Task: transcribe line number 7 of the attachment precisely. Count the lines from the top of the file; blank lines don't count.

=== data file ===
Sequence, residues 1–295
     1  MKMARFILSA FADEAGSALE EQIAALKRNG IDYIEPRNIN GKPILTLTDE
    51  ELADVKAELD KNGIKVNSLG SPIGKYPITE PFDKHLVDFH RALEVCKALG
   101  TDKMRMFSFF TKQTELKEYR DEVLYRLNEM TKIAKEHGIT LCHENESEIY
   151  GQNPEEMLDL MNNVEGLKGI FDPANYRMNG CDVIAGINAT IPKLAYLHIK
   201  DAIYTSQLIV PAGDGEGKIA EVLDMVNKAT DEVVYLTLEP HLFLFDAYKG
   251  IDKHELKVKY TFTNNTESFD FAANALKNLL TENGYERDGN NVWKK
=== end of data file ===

   251  IDKHELKVKY TFTNNTESFD FAANALKNLL TENGYERDGN NVWKK